CHICAGO TRIBUNE COMPANY
Spurred in part by recent revelations about Roman Catholic priests and sexual abuse, lawyers and some federal judges are pushing to make it harder to seal records in civil court cases - a practice often employed in product liability suits.
Proponents argue that greater openness will prevent further harm from products or individuals by making it easier for the public to be aware of problems such as those involving faulty tires that produced earlier lawsuits. "Once that [record] can't be secret, people won't buy Exployers with Firestone [tires] and people won't go to Father Smith's church," said Richard Zitrin, a San Francisco attorney and a professor of legal ethics who is leading a drive to change how court records are handled.
In recent years, high-profile suits involving asbestos, tobacco, breast implants and prescription drugs have led to juries making huge damage awards to plaintiffs. As a result, experts noted, companies have become inclined to offer settlements.
As part of such a deal, plaintiffs are frequently required to agree to have all records sealed. In extreme cases plaintiffs even agree to cloak their names and the name of the company involved so that the record reads "Sealed vs. Sealed."
In the past, companies have urged judges to seal records by arguing that public disclosure would expose trade secrets and other competitive information. Although none of the reform efforts would dispute a company's right to guard legitimate trade secrets, proponents of change oppose deals to hide liability, whether to protect a product, a person or an institution.
Gregory Breedlove, a trial lawyer in Mobile, Ala., said secret agreements put clients and their attorneys in a difficult position. He said a client can be forced to decide between a beneficial monetary settlement and the knowledge that by agreeing to keep records private, others in a similar situation may not get important information.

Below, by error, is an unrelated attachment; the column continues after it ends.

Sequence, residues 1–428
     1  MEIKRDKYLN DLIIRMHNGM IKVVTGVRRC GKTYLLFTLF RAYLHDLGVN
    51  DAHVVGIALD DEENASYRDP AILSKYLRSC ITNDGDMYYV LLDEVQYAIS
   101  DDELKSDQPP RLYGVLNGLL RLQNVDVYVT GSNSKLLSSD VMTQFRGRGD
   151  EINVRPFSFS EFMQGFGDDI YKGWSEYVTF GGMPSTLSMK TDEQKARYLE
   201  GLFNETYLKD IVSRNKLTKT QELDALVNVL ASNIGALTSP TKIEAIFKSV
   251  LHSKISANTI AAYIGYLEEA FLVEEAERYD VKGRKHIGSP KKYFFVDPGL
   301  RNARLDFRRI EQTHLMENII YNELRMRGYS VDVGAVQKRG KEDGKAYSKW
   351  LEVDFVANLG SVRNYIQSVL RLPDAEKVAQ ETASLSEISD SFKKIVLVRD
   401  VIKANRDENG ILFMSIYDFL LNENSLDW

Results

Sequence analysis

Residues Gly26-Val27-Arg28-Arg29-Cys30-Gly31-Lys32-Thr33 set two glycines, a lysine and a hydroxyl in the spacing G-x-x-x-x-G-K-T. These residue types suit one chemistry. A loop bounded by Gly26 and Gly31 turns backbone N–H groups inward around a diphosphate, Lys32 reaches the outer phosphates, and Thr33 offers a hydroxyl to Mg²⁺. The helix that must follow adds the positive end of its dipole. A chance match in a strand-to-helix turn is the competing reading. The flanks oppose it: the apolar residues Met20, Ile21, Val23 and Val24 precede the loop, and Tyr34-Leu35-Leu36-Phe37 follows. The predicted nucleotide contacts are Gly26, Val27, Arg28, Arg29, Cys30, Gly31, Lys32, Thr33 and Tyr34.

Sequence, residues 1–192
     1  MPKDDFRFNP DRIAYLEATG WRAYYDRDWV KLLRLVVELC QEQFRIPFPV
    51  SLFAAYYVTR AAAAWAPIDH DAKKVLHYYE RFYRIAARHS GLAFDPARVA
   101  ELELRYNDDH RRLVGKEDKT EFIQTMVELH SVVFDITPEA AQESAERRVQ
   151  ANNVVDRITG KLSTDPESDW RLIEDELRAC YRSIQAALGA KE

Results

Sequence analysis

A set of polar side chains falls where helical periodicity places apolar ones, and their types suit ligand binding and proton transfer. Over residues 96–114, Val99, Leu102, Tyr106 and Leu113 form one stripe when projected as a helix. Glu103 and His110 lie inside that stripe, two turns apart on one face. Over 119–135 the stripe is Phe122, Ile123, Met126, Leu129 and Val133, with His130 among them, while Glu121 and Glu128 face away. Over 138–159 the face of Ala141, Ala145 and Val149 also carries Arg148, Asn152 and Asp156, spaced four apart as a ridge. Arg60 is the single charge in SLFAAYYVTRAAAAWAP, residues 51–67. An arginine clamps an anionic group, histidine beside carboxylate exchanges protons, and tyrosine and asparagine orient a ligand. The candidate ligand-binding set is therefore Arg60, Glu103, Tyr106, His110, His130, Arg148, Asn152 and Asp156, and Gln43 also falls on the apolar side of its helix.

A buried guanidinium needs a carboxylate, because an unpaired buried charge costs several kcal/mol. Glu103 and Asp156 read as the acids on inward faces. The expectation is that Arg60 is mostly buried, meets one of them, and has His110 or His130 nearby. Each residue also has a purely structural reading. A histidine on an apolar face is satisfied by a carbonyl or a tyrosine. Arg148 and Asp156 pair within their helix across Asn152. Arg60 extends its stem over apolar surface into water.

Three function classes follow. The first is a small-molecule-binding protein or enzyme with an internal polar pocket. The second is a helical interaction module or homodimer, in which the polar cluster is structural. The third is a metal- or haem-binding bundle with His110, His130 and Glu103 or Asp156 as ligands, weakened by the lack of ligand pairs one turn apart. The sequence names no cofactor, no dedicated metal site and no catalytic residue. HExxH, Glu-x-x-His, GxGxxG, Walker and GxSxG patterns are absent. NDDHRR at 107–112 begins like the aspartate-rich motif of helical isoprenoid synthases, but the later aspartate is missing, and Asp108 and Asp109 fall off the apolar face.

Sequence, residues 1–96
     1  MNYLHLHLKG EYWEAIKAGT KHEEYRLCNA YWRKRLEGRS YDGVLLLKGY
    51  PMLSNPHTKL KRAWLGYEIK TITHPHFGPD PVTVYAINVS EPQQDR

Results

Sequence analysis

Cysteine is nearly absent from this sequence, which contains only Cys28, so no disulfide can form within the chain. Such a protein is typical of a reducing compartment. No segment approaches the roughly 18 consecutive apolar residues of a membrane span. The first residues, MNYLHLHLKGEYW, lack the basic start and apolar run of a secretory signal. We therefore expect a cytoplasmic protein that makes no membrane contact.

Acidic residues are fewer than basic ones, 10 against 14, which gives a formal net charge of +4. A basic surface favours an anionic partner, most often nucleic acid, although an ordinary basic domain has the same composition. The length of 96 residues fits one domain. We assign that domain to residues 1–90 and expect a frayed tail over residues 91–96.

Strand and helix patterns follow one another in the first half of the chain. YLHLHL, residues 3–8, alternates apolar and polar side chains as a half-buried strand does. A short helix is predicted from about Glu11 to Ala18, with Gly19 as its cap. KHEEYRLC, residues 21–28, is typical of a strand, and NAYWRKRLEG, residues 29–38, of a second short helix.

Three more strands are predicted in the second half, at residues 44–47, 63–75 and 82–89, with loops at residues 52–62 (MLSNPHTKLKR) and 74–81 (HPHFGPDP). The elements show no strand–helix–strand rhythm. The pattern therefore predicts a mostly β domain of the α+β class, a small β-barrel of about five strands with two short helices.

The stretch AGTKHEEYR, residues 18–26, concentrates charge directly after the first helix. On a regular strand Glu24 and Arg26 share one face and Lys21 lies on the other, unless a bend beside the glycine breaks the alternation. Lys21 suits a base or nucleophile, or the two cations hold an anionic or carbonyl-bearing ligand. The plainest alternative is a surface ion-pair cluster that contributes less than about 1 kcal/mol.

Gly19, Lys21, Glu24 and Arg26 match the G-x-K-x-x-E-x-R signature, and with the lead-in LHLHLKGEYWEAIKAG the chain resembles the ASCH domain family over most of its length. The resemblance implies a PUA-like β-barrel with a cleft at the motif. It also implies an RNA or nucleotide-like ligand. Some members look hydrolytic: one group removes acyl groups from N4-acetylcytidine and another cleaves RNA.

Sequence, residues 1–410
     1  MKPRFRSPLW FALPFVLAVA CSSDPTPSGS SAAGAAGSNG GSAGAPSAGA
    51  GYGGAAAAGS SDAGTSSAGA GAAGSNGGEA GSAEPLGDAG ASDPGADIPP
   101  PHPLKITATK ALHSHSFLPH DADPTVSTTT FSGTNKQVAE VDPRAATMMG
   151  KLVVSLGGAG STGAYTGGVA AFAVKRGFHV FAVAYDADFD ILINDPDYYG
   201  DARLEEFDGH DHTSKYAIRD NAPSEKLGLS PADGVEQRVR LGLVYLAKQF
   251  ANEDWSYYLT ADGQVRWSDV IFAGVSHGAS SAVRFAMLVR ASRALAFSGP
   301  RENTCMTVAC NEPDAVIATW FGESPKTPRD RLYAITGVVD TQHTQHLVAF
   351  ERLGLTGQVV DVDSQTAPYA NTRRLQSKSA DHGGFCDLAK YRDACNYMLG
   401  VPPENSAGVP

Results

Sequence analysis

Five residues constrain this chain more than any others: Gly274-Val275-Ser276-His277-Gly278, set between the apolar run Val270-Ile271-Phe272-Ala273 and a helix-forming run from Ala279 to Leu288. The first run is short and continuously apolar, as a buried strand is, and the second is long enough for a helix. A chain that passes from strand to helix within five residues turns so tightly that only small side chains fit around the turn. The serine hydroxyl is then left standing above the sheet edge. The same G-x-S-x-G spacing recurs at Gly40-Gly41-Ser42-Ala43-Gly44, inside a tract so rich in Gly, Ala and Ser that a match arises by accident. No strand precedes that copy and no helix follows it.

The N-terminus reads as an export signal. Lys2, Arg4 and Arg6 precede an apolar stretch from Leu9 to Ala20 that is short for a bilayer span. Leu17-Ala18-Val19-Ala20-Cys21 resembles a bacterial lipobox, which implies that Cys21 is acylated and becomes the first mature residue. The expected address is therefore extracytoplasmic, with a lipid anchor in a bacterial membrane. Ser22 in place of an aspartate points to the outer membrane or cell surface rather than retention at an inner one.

"It is morally reprehensible," Breedlove said.
The drive for change has been taken up by the American Trial Lawyers Association, which has noted early indications of shifting policies.
"We are seeing more interest in blocking this [sealing] process," said Mary Alexander, president of the lawyers group.
This month all 10 federal judges in South Carolina voted to ban secret settlements, saying the courts had become complicit in blocking public access to information about faulty products, incompetent physicians and priests who engaged in sexually abusive acts.
Several states - including Texas, Florida and Michigan - have effective "sunshine laws," as these are sometimes known, and efforts are under way in several others to establish new rules. Sen. Herb Kohl (D-Wis.) has worked toward a federal sunshine law.
For the last eight years Kohl has sponsored legislation that would require federal judges to decide whether to seal files and records. The judge would be required to weigh the harm or good of sealing the records.
That same idea is behind legislation in the Illinois House of Representatives drafted by Rep. James Brosnahan (D-Evergreen Park), who wants to strike a balance between a defendant's right to keep secrets and the public's right to valuable information.
A bill Brosnahan drafted in 1999 passed a House vote but was not taken up in the Republican-dominated Senate, he added. He intends to introduce another bill next year.
While San Francisco attorney Zitrin supports legislative efforts, he says that does not go far enough.
"Only about 3 percent of these cases actually get filed in court," he said.
As a result he wants to see the American Bar Association issue a rule that would keep member attorneys from entering into sealed agreements.
"It has to relate to unfiled suits, or else it won't be worth anything," he said.
The ABA has no official position on sealing court records, said spokesman Al Manning.